Nevada Tribes Legislative Day draws near
CARSON CITY, Nev. — Nevada Tribes Legislative Day will take place on Tuesday, Feb. 14 at the State Legislature in Carson City.
The day is coordinated by the Nevada Indian Commission and will begin with a tour of the Stewart Indian School hosted by commission executive director, Sherry Rupert. Thereafter, Legislators and tribal leaders will meet back at the Legislative Building at noon for a traditional welcome, followed by presentations and information sharing on tribal issues, concluding with lunch. New this year is an exhibit of Notable Native Nevadans displayed in the Senate Atrium on the second floor.
The first Nevada Tribes Legislative Day was coordinated and hosted by the Nevada Indian Commission on April 11, 2011. The Nevada Indian Commission developed the Initial legislative language with input from Nevada’s tribal leadership to formally establish this special day. Legislation was approved during the 77th Legislative Session in 2013, making the second Tuesday of every session, Nevada Tribes Legislative Day.
Rupert, the executive director of the Nevada Indian Commission, said the event carries great significance and is considered a major accomplishment. Nevada is one of only two states in the nation to have the day memorialized in statute.
“The whole idea behind the day is to have tribal leaders and legislators alike, meet each other and share their unique perspectives, to educate the legislative leadership on Nevada’s Tribes and issues,” Rupert said. “We wanted to make sure that the day was set aside for tribes every legislative session moving forward.”
And Rupert and her staff work diligently behind the scenes to provide networking opportunities as legislators attend the program, which includes music, food and fellowship.
The special legislative day celebrates the contributions of Nevada’s sovereign tribal governments to the state of Nevada, share tribal perspectives on topics of importance to tribal governments and their communities, along with discussions relating to how the State and tribal nations can work more meaningfully. Nevada’s American Indians are unique in that they have dual citizenship, not only are they citizens of their tribal nations, but of the United States, in addition to being residents of the state of Nevada, and eligible to vote.
In addition to hearing unique tribal perspectives from American Indian experts relating to current events and issues of importance to Natives, the day is grounded in traditions including customary blessings and greetings done in tribal languages with some participants wearing their regalia.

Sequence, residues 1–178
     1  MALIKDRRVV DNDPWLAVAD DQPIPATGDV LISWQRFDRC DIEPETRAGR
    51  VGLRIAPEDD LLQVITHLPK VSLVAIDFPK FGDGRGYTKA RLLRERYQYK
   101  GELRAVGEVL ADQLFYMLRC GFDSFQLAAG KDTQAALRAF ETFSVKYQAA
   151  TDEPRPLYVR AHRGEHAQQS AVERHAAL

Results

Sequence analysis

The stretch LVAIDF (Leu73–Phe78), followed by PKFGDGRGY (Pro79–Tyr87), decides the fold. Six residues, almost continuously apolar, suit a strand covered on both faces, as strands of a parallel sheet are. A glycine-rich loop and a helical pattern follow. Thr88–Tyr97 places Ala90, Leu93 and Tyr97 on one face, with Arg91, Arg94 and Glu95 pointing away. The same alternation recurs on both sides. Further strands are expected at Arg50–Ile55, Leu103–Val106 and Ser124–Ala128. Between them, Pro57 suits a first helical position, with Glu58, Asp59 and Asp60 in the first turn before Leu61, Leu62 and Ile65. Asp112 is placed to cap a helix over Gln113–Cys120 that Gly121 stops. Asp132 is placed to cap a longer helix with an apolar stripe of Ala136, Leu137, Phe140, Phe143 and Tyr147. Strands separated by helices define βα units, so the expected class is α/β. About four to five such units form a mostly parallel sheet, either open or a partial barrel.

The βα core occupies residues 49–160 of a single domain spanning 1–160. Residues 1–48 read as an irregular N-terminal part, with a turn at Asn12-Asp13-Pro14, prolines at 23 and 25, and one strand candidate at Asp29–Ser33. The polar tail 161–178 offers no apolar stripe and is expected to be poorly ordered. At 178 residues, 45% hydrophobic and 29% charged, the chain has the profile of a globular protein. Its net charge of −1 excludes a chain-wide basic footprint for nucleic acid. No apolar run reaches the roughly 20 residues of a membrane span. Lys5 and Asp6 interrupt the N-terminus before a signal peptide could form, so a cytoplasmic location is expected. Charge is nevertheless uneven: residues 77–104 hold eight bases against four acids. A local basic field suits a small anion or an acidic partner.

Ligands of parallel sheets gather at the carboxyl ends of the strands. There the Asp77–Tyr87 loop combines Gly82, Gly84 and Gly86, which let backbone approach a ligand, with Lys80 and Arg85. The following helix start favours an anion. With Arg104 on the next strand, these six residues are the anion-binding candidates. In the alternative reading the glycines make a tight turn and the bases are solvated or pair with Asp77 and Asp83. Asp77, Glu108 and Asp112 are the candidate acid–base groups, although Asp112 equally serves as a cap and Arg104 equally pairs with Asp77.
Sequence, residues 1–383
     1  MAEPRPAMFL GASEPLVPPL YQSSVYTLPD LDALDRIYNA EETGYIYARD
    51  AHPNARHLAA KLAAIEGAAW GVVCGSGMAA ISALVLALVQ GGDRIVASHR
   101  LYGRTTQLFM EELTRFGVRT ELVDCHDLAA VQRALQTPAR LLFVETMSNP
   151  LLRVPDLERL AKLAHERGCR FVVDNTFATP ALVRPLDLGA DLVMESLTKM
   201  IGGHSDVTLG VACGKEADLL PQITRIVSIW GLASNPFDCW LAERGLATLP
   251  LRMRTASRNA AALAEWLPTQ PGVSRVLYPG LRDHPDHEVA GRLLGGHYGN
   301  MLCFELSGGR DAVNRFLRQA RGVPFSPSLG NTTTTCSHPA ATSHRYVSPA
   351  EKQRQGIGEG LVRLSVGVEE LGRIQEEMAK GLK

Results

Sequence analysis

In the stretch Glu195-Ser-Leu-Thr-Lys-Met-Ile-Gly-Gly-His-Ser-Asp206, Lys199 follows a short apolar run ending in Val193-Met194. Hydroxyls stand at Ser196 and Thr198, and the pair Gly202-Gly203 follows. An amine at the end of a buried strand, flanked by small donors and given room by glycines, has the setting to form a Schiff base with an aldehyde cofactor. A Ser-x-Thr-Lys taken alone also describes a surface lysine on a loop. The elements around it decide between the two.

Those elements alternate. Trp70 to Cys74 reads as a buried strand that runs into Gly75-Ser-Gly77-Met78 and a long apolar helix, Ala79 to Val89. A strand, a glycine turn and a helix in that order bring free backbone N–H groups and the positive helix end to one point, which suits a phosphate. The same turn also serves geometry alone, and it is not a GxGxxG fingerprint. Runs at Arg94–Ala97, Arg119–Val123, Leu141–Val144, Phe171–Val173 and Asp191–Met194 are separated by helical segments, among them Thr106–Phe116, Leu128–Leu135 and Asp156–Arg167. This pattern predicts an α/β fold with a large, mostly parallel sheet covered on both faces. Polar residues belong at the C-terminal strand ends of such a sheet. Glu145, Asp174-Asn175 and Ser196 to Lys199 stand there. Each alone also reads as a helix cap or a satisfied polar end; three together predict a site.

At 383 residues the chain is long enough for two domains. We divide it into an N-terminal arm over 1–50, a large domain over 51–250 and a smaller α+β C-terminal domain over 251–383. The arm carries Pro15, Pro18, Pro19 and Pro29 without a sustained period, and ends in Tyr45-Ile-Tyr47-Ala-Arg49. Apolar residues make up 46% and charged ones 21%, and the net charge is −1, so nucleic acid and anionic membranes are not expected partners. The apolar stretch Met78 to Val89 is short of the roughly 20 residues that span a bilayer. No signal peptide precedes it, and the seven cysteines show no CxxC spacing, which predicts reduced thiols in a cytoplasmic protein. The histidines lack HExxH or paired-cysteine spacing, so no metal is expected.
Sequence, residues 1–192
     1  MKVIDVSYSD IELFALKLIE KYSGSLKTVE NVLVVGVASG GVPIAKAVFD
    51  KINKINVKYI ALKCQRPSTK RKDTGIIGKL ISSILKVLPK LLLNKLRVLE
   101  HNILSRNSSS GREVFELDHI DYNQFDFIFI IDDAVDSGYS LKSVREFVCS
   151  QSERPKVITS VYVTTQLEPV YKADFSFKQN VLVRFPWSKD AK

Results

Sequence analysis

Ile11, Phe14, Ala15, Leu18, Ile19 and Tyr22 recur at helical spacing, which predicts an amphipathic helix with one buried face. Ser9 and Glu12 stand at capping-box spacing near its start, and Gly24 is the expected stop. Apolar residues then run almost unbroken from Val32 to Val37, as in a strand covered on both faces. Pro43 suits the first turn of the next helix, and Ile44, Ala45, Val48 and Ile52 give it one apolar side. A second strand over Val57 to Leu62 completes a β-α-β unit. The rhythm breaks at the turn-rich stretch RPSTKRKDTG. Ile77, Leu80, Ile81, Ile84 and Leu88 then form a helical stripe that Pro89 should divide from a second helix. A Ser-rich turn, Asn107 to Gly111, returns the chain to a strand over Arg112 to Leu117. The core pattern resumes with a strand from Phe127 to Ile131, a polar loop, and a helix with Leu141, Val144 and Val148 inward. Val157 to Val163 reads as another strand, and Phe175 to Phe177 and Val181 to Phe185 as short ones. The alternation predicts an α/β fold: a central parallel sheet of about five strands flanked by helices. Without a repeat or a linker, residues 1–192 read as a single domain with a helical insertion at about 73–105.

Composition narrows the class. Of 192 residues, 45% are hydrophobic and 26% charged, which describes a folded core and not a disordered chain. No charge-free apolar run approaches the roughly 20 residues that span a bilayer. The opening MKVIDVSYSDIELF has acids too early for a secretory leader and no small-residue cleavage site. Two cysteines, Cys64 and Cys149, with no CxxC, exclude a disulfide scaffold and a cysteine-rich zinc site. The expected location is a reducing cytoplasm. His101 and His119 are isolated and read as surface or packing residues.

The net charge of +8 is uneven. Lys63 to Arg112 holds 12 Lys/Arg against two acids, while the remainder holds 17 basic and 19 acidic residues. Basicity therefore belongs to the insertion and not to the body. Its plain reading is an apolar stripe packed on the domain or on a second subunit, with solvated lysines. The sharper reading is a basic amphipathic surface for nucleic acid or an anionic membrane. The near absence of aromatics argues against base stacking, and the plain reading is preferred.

“The interest in this special event has grown tremendously as evidenced by the number of American Indians and legislators who have attended since 2011, along with our young people to reinforce the importance,” said Richard Arnold, chairman of the commission. “The voices of our youth are powerful as they learn from the collective wisdom of others about important issues that tribes are facing and how it will affect their future when they become our future leaders.”
The Tribal Legislative Day in the past has addressed topics such as taxes, health care, and education, while emphasizing the importance of being engaged with other governments regardless of the topic.
“We exercise and are proud of our sovereign relationship with the federal government,” Reno-Sparks Indian Colony chairman Melendez said. “However, we should not forget that what we do can impact our neighbors throughout the state of Nevada, in Washoe County and the cities of Sparks and Reno.”
Another important aspect of Nevada Tribes Legislative Day allows tribal leaders to meet one on one with their senate and assembly representatives.
One of those important topics to be discussed this year, and during the legislative session is the Stewart Indian School Living Legacy Initiative.
Mentioned by Gov. Brian Sandoval during his January 2013 State of the State Address, the Stewart Indian School Living Legacy Initiative would create a cultural heritage destination unlike any other in the United States.
The historic school located in Carson City, was established in 1890 and embodies a complex and controversial past wherein the federal government attempted to assimilate American Indian youth into mainstream society.
The school housed over 30,000 students during its 90-years of operation. Today, the campus includes over 80 buildings on 110 acres, and is owned by the State of Nevada.
Rupert believes the Stewart Indian School Living Legacy Initiative will be the catalyst to preserve the school and its rich history bringing an essential understanding about American Indians and their previous and current relationship with government and even today’s public education system.
“It is an era of our shared American history that is largely untold,” Rupert said. “Future generations, native and non-native will benefit from this project.”
Stacey Montooth, a member of the Walker River Paiute Nation who works currently as Public Relations and Community Information Officer for the Reno-Sparks Indian Colony, will start her new role Sept. 1.